LOGIN TO YOUR ACCOUNT

Username
Password
Remember Me
Or use your Academic/Social account:

CREATE AN ACCOUNT

Or use your Academic/Social account:

Congratulations!

You have just completed your registration at OpenAire.

Before you can login to the site, you will need to activate your account. An e-mail will be sent to you with the proper instructions.

Important!

Please note that this site is currently undergoing Beta testing.
Any new content you create is not guaranteed to be present to the final version of the site upon release.

Thank you for your patience,
OpenAire Dev Team.

Close This Message

CREATE AN ACCOUNT

Name:
Username:
Password:
Verify Password:
E-mail:
Verify E-mail:
*All Fields Are Required.
Please Verify You Are Human:
fbtwitterlinkedinvimeoflicker grey 14rssslideshare1
Publisher: Elsevier BV
Journal: Clinical Psychology Review
Languages: English
Types: Article
Subjects: B, Compassion, Self-compassion, Measure, Systematic review, Definition, RC467, Psychiatry and Mental health, Clinical Psychology
The importance of compassion is widely recognized and it is receiving increasing research attention. Yet, there is lack of consensus on definition and a paucity of psychometrically robust measures of this construct. Without an agreed definition and adequate measures, we cannot study compassion, measure compassion or evaluate whether interventions designed to enhance compassion are effective. In response, this paper proposes a definition of compassion and offers a systematic review of self- and observer-rated measures. Following consolidation of existing definitions, we propose that compassion consists of five elements: recognizing suffering, understanding the universality of human suffering, feeling for the person suffering, tolerating uncomfortable feelings, and motivation to act/acting to alleviate suffering. Three databases were searched (Web of Science, PsycInfo, and Medline) and nine measures included and rated for quality. Quality ratings ranged from 2 to 7 out of 14 with low ratings due to poor internal consistency for subscales, insufficient evidence for factor structure and/or failure to examine floor/ceiling effects, test–retest reliability, and discriminant validity. We call our five-element definition, and if supported, the development of a measure of compassion based on this operational definition, and which demonstrates adequate psychometric properties.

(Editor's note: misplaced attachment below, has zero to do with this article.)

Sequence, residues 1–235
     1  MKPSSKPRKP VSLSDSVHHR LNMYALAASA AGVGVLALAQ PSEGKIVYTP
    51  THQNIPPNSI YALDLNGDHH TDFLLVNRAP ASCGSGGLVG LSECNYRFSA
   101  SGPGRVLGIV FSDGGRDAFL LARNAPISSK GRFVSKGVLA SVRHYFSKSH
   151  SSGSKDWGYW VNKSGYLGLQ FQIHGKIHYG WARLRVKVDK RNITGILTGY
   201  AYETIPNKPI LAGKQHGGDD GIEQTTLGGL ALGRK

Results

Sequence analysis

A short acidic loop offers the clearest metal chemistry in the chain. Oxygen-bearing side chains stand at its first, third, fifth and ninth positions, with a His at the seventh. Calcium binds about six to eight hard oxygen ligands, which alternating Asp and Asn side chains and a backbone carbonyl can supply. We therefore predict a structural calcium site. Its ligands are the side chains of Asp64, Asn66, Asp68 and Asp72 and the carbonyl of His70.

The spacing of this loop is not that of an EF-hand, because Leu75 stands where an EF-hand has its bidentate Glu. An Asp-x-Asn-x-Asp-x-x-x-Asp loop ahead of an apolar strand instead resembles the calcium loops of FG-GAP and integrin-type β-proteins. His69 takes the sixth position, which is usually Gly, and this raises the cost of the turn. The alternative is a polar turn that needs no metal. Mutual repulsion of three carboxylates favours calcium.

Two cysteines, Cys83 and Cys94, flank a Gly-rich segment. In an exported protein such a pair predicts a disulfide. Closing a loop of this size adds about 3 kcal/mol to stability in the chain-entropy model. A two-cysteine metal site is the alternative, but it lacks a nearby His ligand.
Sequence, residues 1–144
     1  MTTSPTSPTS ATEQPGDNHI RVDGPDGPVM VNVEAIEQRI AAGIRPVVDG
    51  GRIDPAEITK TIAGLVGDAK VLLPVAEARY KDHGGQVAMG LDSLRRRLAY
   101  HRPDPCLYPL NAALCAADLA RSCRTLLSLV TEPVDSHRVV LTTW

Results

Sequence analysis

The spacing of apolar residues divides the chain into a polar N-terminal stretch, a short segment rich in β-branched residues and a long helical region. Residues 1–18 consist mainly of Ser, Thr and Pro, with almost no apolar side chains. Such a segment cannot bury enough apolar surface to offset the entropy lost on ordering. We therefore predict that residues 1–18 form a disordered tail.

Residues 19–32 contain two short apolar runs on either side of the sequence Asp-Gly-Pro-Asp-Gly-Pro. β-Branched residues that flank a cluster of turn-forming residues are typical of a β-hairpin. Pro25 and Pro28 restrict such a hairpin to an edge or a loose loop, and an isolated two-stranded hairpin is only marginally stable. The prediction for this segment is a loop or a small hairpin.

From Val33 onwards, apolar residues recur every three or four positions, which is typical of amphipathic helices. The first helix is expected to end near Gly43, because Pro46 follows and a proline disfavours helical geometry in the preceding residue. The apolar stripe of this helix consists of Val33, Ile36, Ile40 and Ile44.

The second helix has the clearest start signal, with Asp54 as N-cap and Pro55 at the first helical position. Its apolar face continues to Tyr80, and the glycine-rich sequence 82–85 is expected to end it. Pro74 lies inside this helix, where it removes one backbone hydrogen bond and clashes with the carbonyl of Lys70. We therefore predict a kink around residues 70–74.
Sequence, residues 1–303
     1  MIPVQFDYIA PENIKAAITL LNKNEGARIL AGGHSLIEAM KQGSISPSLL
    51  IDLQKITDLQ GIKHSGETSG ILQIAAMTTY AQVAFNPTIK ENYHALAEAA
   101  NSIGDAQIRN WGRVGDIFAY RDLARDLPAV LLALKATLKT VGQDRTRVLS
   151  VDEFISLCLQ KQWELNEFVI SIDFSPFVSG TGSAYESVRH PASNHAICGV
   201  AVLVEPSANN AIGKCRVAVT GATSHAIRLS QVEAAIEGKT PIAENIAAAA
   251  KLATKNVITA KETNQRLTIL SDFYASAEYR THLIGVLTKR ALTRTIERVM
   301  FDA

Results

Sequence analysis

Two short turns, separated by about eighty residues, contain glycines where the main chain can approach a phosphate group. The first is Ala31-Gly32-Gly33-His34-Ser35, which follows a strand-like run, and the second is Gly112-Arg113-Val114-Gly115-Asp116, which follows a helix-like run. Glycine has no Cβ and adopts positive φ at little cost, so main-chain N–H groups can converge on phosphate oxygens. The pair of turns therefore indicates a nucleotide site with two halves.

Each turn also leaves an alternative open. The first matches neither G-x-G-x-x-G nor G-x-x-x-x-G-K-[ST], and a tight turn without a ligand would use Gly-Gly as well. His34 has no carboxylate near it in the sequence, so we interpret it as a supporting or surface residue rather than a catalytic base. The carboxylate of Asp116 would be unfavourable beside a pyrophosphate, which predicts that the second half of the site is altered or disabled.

• No references.
  • No related research data.
  • No similar publications.